By Erin Rook, PQ Monthly
“Are you mafia?” I ask, searching the hazel eyes across the table for a sign. “You’ve been awfully quiet. What are you hiding?”
“Nope.” Short and sweet, with a smile.
We’ve only just met, at a mutual friend’s dinner party that preceded everyone heading to the bar for a friendly game of Mafia. It’s been awhile since I’ve been out, and there are plenty of cute queers in the group to keep my attention. But I keep going back to those eyes.
On this cold November night, he is not the “mafia,” but he does eventually slay me. When the same mutual friend organizes a citywide game of Queer Assassin, we both sign up. Each participant is given a folder containing the name of their “target” and a few basic details. The objective is to “assassinate” the target through creative, non-violent means. Once you’ve taken down your person, their target becomes your next target and the game continues until only one player remains.
I don’t survive long. After foolishly revealing details about my work schedule on Facebook, I walk my bike out of the service exit at Pioneer Place Mall to be met with an unexpected silly string assault (followed by a toilet paper roll “stabbing” for good measure).
Behind the surprise attack are those eyes, kind and full of laughter. As it happens, we are both headed to a barn dance, so he tosses my bike in the back of his truck and gives me a ride. We dance to “Wagon Wheel.”
Less than a month later we are dating. It doesn’t take long for me to realize he’s a keeper, but we’re taking things slow, continuing to see other people. Still, there’s nothing I treasure more than our Sundays together. Sometimes they start on Saturday night, but they typically include a game of “hug and fall” football with friends at Unthank Park followed by waffles at Flavor Spot and an afternoon of lazing around.
It’s on one of these Sundays I realize I’m in love. We’ve reached the point where we no longer have to entertain one another; we can enjoy the sweetness of shared silence. Lying on his futon bed, we stare into each other’s eyes for what feels like hours.
I could do this forever, I think. Completely vulnerable, yet safe.
Three years later, I still feel that way when I look into his eyes. I wonder if this is how my grandparents felt about each other. After my grandmother passed away last year, we came across old love letters she exchanged with my grandfather. Their pining was so sweet and sincere, it’s no surprise their marriage surpassed the 50-year mark.
I want to celebrate 50 years of marriage. But I need to be able to get married first.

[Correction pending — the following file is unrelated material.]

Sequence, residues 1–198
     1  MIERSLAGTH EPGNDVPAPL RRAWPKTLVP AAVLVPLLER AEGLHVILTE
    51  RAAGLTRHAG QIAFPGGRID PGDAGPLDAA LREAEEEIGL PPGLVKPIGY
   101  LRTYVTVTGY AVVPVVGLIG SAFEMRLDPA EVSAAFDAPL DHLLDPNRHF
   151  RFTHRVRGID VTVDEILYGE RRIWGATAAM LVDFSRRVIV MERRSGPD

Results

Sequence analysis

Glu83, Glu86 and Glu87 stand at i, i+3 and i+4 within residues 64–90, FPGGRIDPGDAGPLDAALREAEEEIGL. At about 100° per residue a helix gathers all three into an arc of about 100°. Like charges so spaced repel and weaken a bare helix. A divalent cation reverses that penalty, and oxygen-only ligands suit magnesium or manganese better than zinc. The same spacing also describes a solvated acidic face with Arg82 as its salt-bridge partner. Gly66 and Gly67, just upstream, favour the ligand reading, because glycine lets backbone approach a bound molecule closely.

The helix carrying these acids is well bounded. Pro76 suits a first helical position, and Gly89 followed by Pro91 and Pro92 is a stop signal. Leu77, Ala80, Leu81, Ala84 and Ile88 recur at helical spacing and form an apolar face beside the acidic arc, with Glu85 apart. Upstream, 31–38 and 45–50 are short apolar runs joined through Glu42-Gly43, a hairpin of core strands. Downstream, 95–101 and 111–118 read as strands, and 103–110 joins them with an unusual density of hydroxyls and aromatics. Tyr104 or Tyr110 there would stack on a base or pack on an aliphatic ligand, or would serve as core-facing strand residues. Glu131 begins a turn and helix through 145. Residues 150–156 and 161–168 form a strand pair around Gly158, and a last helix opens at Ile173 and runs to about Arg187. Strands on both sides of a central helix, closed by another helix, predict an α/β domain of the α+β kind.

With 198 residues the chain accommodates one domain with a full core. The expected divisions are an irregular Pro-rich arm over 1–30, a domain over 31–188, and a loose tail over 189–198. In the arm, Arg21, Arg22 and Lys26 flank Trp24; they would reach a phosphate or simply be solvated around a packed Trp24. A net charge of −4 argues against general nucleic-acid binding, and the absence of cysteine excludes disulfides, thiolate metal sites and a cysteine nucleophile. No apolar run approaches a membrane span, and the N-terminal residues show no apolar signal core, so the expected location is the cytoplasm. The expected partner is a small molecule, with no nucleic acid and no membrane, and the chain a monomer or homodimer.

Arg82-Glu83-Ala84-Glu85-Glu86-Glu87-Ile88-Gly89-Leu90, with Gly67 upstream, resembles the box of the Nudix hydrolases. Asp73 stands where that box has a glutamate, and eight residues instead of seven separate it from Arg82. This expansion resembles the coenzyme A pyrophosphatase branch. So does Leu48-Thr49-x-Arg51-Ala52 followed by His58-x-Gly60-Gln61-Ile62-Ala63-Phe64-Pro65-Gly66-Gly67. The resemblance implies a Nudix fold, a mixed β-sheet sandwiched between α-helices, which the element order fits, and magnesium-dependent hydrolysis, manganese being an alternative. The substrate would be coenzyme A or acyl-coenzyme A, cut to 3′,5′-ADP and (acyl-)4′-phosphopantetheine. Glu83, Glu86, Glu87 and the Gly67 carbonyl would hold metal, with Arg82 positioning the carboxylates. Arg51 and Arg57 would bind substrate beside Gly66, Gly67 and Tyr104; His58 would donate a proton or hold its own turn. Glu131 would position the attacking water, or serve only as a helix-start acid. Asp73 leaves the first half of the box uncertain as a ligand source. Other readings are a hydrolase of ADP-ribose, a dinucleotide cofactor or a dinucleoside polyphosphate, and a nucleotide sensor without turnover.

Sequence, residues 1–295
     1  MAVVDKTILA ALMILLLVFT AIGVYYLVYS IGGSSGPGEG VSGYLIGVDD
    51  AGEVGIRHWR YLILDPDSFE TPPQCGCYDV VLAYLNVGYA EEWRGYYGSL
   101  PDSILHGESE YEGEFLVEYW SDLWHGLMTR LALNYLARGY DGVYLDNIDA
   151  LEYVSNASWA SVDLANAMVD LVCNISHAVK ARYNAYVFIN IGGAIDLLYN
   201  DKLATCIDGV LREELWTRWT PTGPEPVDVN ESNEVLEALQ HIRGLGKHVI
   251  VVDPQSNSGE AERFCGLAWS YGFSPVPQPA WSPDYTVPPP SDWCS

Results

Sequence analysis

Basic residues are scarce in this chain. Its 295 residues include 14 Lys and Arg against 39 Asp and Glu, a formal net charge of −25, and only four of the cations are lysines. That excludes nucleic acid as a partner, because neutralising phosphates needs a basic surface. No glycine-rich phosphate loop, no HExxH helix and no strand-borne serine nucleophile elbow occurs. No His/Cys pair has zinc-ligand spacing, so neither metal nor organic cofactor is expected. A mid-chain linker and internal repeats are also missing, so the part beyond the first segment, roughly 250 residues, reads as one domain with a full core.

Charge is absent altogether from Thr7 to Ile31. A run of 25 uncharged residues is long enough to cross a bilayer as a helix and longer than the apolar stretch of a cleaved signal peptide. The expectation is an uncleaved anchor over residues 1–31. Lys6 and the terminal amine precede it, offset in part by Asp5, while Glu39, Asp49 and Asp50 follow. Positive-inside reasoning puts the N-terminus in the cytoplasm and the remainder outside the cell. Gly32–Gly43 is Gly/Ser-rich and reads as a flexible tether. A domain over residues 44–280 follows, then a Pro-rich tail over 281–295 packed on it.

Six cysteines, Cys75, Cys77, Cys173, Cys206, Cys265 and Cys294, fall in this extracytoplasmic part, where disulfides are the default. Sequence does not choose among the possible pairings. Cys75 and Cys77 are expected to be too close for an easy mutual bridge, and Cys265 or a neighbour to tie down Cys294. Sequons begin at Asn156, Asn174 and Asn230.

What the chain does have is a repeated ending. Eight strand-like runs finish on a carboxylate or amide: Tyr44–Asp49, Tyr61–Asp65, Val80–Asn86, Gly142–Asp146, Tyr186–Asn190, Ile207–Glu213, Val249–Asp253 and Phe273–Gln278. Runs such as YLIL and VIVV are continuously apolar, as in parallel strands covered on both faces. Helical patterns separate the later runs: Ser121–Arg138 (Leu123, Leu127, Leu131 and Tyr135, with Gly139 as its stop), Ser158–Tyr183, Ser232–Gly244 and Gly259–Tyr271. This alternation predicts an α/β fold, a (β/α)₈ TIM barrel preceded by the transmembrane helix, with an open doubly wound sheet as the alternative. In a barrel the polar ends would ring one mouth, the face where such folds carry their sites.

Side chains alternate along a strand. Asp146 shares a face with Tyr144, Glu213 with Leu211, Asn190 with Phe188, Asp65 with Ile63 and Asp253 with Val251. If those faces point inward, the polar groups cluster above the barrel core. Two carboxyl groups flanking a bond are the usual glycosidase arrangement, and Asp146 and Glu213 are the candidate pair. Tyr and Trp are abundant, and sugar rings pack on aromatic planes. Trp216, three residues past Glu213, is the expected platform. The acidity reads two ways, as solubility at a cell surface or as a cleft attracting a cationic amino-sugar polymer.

On a November birthday trip to the Washington coast, Corbin does his part — gets down on one knee, presents a ring, and asks me to love him forever against the backdrop of seemingly infinite Pacific Ocean. I say yes. Of course. I cry tears of joy.
As we share the happy news, people ask if we have plans. It’s complicated. I won’t come out as trans for another two months, so people don’t realize we can’t yet legally wed. See, we still pass as a straight couple. It’s not uncommon for people to assume we’re husband and wife.
Because the state of Oregon only requires a driver’s license as proof of identity when obtaining a marriage license, we could technically get married now. But what happens when I get a new driver’s license, with a more accurate photo and gender marker? When I change my passport and, eventually, my birth certificate? By being true to myself, I lose the freedom to be true to my heart.
I love my fiancé and I want to build a life with him. Shouldn’t that be enough? But before I can think about food, location, or guest list, I have to consider birth certificates, driver’s licenses, and ballot measures.
It’s not that I’ve never considered this before. I’ve been queer for as long as I’ve been seriously dating, so legal marriage has always seemed like a long shot. But these few years spent passing as hetero makes the absurdity of it all the more clear.
While I understand those who would rather see something besides marriage get top billing in the LGBTQ movement, I can’t help but be personally and politically invested in the fight. Because for me, as for so many other queer people in love, marriage equality is the only answer to a question that ought not be so complicated.
So, here’s to the freedom to marry in 2014 — ‘cause I plan on holding this gaze for the next 50 years, and then some. And I don’t take kindly to being told what I can or cannot do.
Erin used to write a column called “Query a Queer.” Never one to leave a question unanswered, Erin welcomes all queries big and small and may continue to answer them on the blog while he uses this space to ponder life’s twists and turns. Send questions, high fives, and Polaroids of your heart to email@example.com.
Originally published in PQ Monthly.